I first try to assess why the student wants to learn to play the violin, what their expectations or goals are, and what their level of commitment to practicing will be. From there, I explain what my teaching philosophy is and what violin methods I use to achieve the student's expectations and goals. At first, I emphasize solid "physical" fundamentals that are immutable over the life of a good violinist, such as the correct bow grip, proper holding of the violin, good posture, a stable stance, the basic bow stroke, the "frame" of the left hand, etc. In all this, I stress the importance of relaxation and naturalness at all times. Tension in either hand or in holding the violin or in anything else is the biggest and most common impediment in learning to play the violin. And if anything feels or looks unnatural or ugly in violin playing, then it's likely to be wrong. Once the physical fundamentals are established, I begin to impress upon my students the idea that great violin playing is so much more than the physical control and coordination of the hands. It is a willful and deliberate act of the mind and the heart. And I work with my students to develop critical hearing and objective listening skills. What the player hears and what the audience hears is not always in agreement! In addition, the violin is a singing instrument (and not a percussive one like the piano), so I stress the importance of singing. As a former music theory teacher of mine once said, "if you can't sing it, you can't play it!" A violinist who cannot make the instrument sing is not making music, only noise. And finally, my motto that encompasses everything I do with the violin and in music is this: "Practice carefully, play courageously!"
I have taught violin privately for many years and recently at the Academy of the Arts, NSU University School, in Fort Lauderdale, FL. Also, I just completed the Starling-DeLay Symposium on Violin Studies at The Juilliard School of Music in June 2021.
I was the teaching assistant to Mr. Hendrik de Blij, Professor of Violin at the New World School of the Arts in Miami, FL. Prof. de Blij was a wonderful teacher whose deep intellect and encyclopedic knowledge of music and the violin made a huge and lasting impression on me. He taught me how to solve violin technique problems in a rigorous, analytical, and efficient manner. His "prescriptions" usually involved a passage from Kreutzer, Sevcik, Wieniawski, or Paganini to "cure" the problem. He was an expert in showing me how to create my own improvised exercises to overcome a particular violinistic challenge. He reminded me often that a good teacher should show the student how to teach himself!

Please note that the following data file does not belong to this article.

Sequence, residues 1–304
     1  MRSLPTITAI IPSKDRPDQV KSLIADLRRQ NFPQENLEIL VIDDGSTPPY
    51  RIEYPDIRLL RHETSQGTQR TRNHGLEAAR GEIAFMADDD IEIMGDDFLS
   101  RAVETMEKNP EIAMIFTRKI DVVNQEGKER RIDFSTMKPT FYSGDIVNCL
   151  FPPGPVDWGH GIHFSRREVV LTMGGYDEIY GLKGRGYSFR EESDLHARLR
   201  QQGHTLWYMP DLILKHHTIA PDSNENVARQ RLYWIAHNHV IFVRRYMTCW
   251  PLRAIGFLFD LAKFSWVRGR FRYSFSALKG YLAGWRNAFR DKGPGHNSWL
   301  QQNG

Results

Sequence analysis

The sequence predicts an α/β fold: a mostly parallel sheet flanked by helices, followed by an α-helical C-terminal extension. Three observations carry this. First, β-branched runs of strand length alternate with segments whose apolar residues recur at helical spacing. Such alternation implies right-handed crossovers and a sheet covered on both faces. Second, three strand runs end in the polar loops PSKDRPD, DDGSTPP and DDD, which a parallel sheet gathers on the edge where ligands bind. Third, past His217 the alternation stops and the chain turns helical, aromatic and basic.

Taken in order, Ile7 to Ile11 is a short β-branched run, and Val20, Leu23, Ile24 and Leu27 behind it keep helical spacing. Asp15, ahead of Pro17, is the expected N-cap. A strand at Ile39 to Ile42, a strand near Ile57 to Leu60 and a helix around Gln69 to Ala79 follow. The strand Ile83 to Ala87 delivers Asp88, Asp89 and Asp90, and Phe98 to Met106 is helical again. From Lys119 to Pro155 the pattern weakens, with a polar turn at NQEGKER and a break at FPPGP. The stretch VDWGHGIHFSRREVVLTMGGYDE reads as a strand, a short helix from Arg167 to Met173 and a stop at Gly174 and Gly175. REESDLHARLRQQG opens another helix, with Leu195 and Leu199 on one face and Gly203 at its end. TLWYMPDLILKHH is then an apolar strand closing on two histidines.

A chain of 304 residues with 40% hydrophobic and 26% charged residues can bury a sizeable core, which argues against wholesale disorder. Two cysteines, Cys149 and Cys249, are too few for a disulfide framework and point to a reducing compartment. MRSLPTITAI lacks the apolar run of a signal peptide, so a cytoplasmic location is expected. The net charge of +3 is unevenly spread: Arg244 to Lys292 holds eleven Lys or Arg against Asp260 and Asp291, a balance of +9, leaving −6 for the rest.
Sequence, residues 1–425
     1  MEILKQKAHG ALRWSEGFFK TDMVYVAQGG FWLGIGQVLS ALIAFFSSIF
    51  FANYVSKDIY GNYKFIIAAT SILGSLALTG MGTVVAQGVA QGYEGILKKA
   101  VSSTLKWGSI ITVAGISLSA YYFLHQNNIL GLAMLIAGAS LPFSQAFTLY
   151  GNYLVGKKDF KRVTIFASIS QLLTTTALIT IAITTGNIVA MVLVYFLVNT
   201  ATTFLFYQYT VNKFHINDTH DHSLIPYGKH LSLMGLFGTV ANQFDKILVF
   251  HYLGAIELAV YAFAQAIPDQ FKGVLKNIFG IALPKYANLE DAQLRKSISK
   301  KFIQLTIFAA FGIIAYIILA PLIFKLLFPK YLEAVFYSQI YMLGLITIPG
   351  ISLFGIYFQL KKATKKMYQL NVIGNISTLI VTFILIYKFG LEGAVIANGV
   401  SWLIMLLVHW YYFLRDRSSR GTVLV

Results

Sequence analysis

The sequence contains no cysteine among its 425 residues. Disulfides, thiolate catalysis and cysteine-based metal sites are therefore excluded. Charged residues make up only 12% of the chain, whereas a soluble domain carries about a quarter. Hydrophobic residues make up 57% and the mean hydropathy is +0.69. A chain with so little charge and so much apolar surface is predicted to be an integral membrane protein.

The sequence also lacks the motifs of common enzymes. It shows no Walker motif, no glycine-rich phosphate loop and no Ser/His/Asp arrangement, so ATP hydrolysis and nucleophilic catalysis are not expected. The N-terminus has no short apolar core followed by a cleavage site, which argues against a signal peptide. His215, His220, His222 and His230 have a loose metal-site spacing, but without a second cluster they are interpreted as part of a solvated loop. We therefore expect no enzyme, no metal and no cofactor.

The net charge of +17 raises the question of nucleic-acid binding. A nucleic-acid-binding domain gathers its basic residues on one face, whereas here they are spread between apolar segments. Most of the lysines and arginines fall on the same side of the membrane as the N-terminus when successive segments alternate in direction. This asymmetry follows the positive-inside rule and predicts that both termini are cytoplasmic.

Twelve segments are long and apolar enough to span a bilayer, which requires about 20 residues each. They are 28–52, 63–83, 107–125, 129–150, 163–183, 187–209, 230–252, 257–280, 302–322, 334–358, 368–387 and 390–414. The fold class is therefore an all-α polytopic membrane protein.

Although on rare occasions I have taken beginning students, I prefer to work with highly-motivated intermediate and advanced violin students. I'm a stickler for intonation (I place great emphasis on scales and arpeggios to calibrate the ear and refine muscle memory), proper fundamentals, and solid, secure technique that serves the music and the composer's intentions.
One of my dear students gave me a beautiful Yamaha Silent Violin. I was deeply moved and overwhelmed with such a wonderful, generous gift. Now I can practice and play at any hour without disturbing anyone else! Thank you L.V.!!
Anyone with a modicum of ability on the violin can call themselves a teacher. The litmus test, in my opinion, for a violinist worthy of being called "teacher" is this: Have they performed in public? Are they respected by their professional peers? Have they performed serious works of the standard repertoire as a soloist or chamber musician, in addition to playing in an orchestra? It is only in the crucible of the concert stage (regardless of wherever that stage is) that a player is forged into becoming a true teacher. This is why I have such enormous respect and admiration for artist-teachers like Jascha Heifetz, Nathan Milstein, Aaron Rosand, Pinchas Zukerman, and David Nadien. They've been there and done that!